Mountain Heart Nepal

Our experiences working within a remote community of the Everest Region – Lifechanging!

This article was published on: 10/12/16 10:26 PM

Our experiences working within a remote community of the Everest Region – Lifechanging!

Lewis and I (Roshanna) spent two weeks volunteering with Mountain Heart Nepal in Najing, which is a remote community within the Solukhumbu region of Nepal. We focused our efforts on teaching English in the local school and providing training in nursing skills at the local clinic.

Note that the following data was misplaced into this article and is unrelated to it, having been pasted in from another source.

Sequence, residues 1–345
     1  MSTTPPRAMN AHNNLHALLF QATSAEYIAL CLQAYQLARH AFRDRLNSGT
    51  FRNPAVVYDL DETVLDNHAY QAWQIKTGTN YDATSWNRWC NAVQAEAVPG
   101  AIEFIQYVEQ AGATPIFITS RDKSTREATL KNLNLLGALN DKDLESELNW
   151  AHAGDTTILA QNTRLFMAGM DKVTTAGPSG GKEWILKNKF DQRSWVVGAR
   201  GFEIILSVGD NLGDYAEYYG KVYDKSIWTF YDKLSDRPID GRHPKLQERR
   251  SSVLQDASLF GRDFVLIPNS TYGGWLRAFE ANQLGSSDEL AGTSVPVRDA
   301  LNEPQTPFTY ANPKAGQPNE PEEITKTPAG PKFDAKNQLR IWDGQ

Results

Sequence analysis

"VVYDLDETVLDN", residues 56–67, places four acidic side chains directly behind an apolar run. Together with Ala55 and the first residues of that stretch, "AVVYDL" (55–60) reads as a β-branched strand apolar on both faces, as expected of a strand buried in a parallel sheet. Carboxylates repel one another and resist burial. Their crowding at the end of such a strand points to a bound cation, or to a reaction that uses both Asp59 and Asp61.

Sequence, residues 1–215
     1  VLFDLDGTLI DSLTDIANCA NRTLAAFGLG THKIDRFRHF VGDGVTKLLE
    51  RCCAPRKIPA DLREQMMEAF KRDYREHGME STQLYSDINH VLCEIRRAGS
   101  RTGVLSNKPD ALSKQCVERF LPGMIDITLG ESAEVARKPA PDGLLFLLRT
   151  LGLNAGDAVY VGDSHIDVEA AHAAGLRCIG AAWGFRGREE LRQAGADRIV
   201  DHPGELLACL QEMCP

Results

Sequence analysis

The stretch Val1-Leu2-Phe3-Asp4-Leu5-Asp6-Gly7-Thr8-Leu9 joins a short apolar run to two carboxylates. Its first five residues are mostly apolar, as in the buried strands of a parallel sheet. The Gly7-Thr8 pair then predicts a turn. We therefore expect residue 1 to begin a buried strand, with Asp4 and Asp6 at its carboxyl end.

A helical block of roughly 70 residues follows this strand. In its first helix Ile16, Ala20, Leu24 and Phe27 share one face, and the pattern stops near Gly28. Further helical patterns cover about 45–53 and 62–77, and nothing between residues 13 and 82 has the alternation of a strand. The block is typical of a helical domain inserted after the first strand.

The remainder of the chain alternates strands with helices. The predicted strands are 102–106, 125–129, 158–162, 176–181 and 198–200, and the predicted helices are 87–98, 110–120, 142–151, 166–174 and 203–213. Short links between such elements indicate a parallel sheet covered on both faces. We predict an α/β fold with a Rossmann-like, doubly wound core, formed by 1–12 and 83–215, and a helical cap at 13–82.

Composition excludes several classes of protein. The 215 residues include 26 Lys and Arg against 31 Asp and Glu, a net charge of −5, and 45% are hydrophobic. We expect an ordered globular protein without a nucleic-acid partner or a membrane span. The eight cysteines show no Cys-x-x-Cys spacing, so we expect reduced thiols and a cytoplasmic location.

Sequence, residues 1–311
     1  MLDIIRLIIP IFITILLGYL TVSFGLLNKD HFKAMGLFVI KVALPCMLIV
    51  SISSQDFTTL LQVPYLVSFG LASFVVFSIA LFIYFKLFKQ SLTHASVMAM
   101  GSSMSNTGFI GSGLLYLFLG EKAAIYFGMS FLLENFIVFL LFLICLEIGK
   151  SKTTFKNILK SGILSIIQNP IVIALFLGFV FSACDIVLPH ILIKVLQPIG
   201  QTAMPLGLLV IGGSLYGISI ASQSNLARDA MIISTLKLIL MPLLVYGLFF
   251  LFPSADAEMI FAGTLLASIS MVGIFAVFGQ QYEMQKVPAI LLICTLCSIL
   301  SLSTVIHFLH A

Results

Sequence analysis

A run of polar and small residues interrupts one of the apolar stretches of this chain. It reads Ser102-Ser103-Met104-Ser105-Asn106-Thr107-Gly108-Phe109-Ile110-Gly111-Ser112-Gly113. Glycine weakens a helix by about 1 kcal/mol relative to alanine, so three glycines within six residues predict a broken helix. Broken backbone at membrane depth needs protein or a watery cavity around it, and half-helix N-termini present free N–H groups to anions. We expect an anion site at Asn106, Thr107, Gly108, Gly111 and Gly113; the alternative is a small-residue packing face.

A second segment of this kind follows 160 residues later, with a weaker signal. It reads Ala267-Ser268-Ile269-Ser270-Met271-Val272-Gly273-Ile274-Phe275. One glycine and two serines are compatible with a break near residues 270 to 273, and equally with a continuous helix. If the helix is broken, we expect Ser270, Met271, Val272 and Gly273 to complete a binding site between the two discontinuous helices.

We were welcomed into our host family and they wasted no time in making us feel like family ourselves. The kids were amazing and we also got to share the house with the English teacher of the local school, who was a great help for developing our communication skills in Nepalese! They put in so much effort to make sure we weren’t lacking in anything: we received three meals a day (Radha is an amazing cook!), had a spacious bedroom -that could house four people- available to us to sleep in and there’s nothing like taking a shower with refreshing mountain water. Don’t worry, we could boil the water as well for warm showers or safe drinking. That is, when the electricity was up, from sundown to sunrise. When it comes to a power supply; waste not, want not! Because of all the efforts of the people we stayed with, it was comfortable to adapt to less luxury than we are usually used to. You really can’t even think about complaining about an outside toilet when the surrounding hills are so beautiful anyway. So we settled in very easily and were eager to contribute to this warm and welcoming community!